It is worth noting that the amount of PEOPLE donors can expect to receive is tied to the size of their contributions. This begs the question of who will own the largest portion of the voting rights. The bulk of donors are contributing small amounts. Only 187 of the nearly 17,000 donors have made contributions greater than 5 ETH, or roughly $21,000. Another interesting detail is that 2,827 ETH came from wallets that made their first-ever Ethereum transaction. That could imply that the DAO is onboarding new users into crypto — a video embedded on the group’s website targets newcomers to the digital asset space — or that participants are creating new wallets to preserve their privacy, for the sole purpose of sending ether to the cause.
Who owns what now?
According to the DAOs FAQ’s, the LLC is legally owned by community members Alica Ma and Julian Weisser. The organization tapped Endaoment, a tax-exempt Community Foundation built for decentralized finance and focused on social impact, who passed KYC requirements with Sotheby’s to make the formal bid on behalf of the DAO.
As it currently stands, Ma and Weisser will have legal ownership over the document if the auction is won. The FAQ promises that DAO members will be advisors to the LLC owners on all actions taken. The LLC aims to change the structure to become fully decentralized over time, but for now DAO contributors are placing a great deal of trust in these two individuals.
The group also raises the question of whether its core members will be compensated for their efforts, but they do not answer it, instead opaquely mentioning they “intend to submit a proposal to be voted on by the community.”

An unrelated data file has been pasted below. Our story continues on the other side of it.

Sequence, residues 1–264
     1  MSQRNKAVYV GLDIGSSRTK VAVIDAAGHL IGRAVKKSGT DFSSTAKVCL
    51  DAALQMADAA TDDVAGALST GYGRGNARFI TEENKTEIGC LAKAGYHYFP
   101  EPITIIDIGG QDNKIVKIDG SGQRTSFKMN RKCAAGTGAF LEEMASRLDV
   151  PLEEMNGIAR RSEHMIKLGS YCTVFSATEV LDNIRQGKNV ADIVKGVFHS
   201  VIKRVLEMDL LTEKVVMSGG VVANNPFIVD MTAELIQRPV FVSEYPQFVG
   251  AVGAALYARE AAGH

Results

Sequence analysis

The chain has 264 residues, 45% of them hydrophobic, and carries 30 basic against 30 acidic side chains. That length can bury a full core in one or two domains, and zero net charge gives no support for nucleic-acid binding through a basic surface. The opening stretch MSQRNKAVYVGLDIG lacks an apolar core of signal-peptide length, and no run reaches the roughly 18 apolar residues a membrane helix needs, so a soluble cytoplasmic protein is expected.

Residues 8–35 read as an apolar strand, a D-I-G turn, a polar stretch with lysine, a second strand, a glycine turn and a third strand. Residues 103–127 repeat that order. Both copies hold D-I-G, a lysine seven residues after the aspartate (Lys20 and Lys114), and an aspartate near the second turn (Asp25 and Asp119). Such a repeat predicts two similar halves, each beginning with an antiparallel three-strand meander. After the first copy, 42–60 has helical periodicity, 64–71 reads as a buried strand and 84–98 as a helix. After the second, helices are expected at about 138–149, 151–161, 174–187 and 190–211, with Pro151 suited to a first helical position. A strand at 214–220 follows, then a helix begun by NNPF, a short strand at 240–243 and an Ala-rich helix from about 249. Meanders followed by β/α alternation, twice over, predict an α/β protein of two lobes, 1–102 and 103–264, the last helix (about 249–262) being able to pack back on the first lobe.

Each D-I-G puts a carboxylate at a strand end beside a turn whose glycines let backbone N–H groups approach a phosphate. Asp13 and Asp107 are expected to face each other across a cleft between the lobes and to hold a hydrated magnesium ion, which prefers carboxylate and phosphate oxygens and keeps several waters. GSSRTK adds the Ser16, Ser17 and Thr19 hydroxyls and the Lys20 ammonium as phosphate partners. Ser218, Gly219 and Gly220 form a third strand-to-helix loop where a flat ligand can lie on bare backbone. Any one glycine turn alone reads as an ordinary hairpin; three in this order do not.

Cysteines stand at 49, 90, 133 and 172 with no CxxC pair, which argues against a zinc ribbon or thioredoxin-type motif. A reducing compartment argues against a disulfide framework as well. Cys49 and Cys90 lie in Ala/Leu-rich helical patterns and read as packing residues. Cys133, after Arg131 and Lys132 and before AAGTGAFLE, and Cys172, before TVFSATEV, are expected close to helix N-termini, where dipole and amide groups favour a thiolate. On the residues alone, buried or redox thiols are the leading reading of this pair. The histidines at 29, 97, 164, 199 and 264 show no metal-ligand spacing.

Due to the short timeline, the core contributors to the DAO are prioritizing the logistics behind purchasing the Constitution over the details of the DAO’s structure, as they write in the DAO’s FAQ:
While the movement to purchase a copy of the US Constitution is a historical moment in the Web3 space, this plane — to use an aviation metaphor — is being assembled while it’s flying. From the nascent history of DAOs, there are scant examples of a group purchasing real-world assets and effectively managing them — the ConstitutionDAO is a true trailblazer.
The group is currently vetting reputable institutions with the expertise to properly house, store, and maintain the artifact if the auction is won. The final home for the Constitution will be left up to vote by PEOPLE token holders. The idea of a DAO buying one of the most important documents in the world is highly experimental, and only time will tell if a group of internet strangers can effectively manage such an undertaking through decentralized governance.
Macauley Peterson contributed reporting for this story.
This story was updated on November 19, 2021, at 3:17 pm ET, to include the winner of the auction.